Philosophers' views on the use of non-essay assessment methods: Discussion of an e-mail survey

Stephen Palmquist*

*Corresponding author for this work

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Abstract

This paper presents and discusses the results of an email survey which asked participants to share their views on the efficacy of multiple choice, fill-in-the-blank, or matching questions as evaluation methods in philosophy courses. First, the structure of the survey and its contents are explained. Next, responses are broken down along the lines of student responses and teacher responses. In both cases, there was significant disagreement among respondents, though there were notable patterns emerged. Student arguments in favor of non-essay assessment emphasized the expedience; arguments against emphasized the inadequacy of such evaluation methods to the nuances of philosophical material. Teacher responses echoed student responses but included considerations of fairness, ambiguity in student answers, student motivation, and justifications for non-essay assessment in specific contexts. Finally, the author discusses respondents’ opinions on whether philosophy departments should ban non-essay questions. The author concludes by suggesting that the results of this survey merit attention as an indication of how widespread the difficulties of non-essay assessment are and as an indication of the diversity of views on the subject.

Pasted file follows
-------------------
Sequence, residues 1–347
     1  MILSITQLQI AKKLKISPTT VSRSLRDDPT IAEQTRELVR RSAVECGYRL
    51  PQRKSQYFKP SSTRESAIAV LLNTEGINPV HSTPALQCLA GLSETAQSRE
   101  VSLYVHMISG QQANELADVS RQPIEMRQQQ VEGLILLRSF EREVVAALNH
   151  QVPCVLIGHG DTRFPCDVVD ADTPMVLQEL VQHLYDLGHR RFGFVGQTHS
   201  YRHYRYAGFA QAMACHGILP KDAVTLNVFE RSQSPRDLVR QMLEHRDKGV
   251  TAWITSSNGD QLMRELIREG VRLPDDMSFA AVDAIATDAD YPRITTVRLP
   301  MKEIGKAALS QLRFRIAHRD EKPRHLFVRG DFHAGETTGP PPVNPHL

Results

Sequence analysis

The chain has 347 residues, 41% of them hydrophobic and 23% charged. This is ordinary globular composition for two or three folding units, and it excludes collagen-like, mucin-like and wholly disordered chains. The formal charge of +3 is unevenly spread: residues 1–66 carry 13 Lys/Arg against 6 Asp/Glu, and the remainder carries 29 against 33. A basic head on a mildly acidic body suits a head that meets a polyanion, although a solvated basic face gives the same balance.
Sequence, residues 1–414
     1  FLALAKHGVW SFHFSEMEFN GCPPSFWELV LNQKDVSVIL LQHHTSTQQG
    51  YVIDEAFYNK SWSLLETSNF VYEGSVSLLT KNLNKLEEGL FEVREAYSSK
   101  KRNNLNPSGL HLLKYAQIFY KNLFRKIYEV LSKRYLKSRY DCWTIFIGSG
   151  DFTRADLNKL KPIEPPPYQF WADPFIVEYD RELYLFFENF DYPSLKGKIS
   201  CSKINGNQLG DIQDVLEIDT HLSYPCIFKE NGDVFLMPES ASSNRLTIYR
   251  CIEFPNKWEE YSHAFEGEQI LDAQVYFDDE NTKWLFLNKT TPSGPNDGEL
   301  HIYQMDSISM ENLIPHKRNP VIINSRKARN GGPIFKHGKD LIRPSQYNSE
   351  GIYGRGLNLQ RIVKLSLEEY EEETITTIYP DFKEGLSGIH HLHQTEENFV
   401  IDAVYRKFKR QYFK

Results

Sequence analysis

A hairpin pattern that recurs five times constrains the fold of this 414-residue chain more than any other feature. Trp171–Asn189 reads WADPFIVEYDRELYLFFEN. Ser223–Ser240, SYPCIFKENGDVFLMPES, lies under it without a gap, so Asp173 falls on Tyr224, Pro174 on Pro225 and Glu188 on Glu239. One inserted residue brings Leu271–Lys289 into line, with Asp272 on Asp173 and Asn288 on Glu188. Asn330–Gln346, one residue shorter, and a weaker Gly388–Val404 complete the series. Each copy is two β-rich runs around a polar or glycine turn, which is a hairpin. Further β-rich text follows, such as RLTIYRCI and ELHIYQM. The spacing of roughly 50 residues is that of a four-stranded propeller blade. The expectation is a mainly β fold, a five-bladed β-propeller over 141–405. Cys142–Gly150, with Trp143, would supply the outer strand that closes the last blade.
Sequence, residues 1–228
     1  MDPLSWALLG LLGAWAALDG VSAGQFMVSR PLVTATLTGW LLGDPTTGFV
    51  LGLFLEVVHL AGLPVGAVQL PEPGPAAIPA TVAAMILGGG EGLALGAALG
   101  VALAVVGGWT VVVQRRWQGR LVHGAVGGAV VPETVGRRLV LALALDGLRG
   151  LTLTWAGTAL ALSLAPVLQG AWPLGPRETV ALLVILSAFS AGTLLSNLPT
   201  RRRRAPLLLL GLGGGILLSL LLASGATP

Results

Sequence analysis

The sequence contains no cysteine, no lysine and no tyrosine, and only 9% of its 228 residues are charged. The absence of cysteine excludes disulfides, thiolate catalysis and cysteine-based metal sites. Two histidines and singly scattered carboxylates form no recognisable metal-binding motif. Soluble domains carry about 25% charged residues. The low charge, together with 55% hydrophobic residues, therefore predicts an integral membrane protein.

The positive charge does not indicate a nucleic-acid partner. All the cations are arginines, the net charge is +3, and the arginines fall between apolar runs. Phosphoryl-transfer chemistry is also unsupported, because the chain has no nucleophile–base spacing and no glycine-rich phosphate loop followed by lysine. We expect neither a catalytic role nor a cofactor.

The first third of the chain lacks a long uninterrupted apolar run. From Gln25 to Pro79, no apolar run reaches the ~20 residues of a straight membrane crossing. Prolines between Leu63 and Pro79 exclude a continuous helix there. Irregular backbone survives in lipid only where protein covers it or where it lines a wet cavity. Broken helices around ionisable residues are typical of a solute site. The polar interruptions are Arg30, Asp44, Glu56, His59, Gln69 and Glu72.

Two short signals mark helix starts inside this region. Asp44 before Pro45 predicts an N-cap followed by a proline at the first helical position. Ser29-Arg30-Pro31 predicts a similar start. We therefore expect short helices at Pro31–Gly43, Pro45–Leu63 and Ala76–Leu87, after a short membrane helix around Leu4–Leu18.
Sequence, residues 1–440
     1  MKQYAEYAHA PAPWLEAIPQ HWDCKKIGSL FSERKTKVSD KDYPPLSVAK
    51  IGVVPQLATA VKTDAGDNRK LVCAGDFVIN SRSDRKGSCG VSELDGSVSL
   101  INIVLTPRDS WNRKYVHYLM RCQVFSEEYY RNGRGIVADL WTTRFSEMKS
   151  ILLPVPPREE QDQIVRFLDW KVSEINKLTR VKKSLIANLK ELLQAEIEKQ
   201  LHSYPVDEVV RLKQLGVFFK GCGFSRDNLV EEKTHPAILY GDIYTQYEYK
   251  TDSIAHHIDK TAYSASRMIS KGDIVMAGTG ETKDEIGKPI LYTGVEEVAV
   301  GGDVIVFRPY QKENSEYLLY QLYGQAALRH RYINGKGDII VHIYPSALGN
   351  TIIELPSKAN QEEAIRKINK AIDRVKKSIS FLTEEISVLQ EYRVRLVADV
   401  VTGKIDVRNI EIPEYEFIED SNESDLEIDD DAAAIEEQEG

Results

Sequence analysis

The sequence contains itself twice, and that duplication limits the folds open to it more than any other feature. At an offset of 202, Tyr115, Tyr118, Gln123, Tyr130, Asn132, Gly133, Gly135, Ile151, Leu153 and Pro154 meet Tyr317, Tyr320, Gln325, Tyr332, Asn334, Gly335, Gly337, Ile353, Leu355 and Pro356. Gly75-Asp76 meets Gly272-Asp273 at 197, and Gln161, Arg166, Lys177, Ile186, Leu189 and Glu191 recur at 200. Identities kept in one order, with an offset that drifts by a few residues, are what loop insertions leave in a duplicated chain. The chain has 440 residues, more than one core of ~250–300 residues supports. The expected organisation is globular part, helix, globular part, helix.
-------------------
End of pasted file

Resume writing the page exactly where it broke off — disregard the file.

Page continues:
Original languageEnglish
Pages (from-to)373-391
Number of pages19
JournalTeaching Philosophy
Volume21
Issue number4
DOIs
Publication statusPublished - Dec 1998

Scopus Subject Areas

  • Education
  • Philosophy

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